The surprising answer, according to a new study, is yes

Italian researchers looked at over 6,000 adults during a nine-year period. At the start of the study, none of the subjects had allergies to cats. About 475 of the people had cats on Day 1. Another 650 or so got cats during the nine years, and roughly 700 subjects had cats for most or all of the study.

The study ended with 271 subjects suffering from some form of allergy to cats. The researchers concluded that people who got cats during the study were almost two times more likely to develop allergies than those who did not have one for the nine years. Those with other allergies or asthma were three-to-four times more likely to develop allergies to cats.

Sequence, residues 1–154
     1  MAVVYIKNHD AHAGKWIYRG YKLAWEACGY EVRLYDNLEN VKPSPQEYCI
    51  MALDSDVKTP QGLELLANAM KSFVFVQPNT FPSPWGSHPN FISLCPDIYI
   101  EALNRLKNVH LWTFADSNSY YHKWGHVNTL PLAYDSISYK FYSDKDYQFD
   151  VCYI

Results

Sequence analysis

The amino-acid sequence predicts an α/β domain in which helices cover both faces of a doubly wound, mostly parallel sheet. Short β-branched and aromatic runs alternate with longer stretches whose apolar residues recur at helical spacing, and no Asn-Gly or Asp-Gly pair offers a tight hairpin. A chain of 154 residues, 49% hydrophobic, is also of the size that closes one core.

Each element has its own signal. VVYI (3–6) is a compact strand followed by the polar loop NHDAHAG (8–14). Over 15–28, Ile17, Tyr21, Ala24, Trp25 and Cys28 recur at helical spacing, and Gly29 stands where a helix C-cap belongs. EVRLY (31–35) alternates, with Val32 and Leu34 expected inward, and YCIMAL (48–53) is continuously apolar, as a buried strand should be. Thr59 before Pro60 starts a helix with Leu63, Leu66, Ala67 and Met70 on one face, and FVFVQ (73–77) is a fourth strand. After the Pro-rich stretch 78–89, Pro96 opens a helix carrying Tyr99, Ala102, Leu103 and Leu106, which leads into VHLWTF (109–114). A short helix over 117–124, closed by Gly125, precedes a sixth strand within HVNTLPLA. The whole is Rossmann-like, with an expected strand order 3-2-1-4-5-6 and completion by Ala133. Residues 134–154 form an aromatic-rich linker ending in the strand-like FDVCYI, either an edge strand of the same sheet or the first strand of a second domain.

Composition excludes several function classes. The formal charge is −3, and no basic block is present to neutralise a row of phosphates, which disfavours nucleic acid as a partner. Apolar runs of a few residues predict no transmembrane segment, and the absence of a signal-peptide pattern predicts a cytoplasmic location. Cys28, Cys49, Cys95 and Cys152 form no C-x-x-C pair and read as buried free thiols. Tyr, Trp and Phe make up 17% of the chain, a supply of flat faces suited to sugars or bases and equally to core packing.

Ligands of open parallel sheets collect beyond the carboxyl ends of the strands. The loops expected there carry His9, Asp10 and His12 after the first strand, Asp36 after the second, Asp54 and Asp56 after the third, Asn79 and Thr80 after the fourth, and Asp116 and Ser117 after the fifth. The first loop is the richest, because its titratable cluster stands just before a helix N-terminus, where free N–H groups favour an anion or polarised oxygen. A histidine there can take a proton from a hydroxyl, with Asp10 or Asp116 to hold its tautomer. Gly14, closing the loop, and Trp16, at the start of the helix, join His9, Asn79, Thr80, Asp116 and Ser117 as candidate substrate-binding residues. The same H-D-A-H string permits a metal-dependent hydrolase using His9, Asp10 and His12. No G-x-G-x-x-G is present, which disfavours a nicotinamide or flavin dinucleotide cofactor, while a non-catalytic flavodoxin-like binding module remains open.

Does anything help developing cat allergies? Well, a percentage of the subjects made it a point not to let their cats in their bedrooms. None of them developed cat allergies. Also, people who had cats for pets as children were less likely to develop allergies as adults.